Biden signs budget bill with Ukraine aid but no virus cash

FILE - President Joe Biden signed the $1.5 trillion Consolidated Appropriations Act into law...
FILE - President Joe Biden signed the $1.5 trillion Consolidated Appropriations Act into law Tuesday at the White House.
Published: Mar. 15, 2022 at 12:29 PM EDT|Updated: Mar. 15, 2022 at 3:19 PM EDT
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WASHINGTON (AP) — President Joe Biden on Tuesday signed a bill providing $13.6 billion in additional military and humanitarian aid to Ukraine as part of a $1.5 trillion government spending measure that omits COVID-19 aid the White House says is urgently needed.

The COVID spending was a casualty of negotiations over the larger government bill. The White House had asked for $22.5 billion for vaccines and treatment, but that was trimmed during talks to $15.6 billion and ultimately dropped altogether as rank-and-file Democrats rebelled against proposed cuts in state aid to pay for the new spending.

“We have made tremendous progress in our fight against COVID-19 but our work isn’t done,” Biden tweeted Tuesday. “We need Congress to immediately provide $22.5 billion in emergency funding to sustain our nation’s COVID-19 response.”

In a Tuesday call with governors, White House COVID-19 coordinator Jeff Zients highlighted “severe consequences” that the lack of additional funding would have on the nation’s response, including federal support for states, according to an administration official.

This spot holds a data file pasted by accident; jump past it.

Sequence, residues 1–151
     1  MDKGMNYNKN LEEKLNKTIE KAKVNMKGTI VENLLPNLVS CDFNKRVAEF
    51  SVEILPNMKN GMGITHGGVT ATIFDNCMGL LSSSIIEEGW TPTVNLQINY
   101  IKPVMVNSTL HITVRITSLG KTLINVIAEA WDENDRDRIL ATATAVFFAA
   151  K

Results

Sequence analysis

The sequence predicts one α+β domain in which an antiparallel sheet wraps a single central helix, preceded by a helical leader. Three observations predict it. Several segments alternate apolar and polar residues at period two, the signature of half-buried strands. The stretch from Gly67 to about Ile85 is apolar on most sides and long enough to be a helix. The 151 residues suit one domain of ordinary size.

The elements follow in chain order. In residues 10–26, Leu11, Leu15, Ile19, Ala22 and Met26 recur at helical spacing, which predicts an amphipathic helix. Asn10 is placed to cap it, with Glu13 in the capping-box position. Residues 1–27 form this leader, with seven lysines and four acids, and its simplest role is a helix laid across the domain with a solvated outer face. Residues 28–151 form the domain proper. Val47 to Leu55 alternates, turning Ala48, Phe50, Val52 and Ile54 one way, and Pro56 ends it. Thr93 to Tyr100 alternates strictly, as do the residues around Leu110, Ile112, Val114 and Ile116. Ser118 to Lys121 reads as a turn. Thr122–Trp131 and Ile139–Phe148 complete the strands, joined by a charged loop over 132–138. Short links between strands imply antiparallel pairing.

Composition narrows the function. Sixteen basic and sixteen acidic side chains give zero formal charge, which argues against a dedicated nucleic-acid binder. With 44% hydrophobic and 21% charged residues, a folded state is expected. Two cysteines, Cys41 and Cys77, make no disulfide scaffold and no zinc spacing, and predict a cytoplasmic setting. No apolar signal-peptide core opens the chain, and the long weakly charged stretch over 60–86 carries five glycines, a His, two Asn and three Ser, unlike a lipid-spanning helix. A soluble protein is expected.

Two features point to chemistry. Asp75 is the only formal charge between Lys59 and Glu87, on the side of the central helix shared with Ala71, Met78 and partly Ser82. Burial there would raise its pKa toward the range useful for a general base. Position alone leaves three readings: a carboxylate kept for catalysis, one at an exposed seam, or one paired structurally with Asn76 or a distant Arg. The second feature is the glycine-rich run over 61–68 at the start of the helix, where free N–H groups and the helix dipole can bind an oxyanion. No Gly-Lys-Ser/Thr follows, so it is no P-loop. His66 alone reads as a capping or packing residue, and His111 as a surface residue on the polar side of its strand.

President Joe Biden on Tuesday signed a bill providing $13.6 billion in additional military and humanitarian aid to Ukraine as part of a $1.5 trillion government spending measure that omits COVID-19 aid the White House says is urgently needed.

The COVID spending was a casualty of negotiations over the larger government bill. The White House had asked for $22.5 billion for vaccines and treatment, but that was trimmed during talks to $15.6 billion and ultimately dropped altogether as rank-and-file Democrats rebelled against proposed cuts in state aid to pay for the new spending.

“We have made tremendous progress in our fight against COVID-19 but our work isn’t done,” Biden tweeted Tuesday. “We need Congress to immediately provide $22.5 billion in emergency funding to sustain our nation’s COVID-19 response.”

In a Tuesday call with governors, White House COVID-19 coordinator Jeff Zients highlighted “severe consequences” that the lack of additional funding would have on the nation’s response, including federal support for states, according to an administration official.

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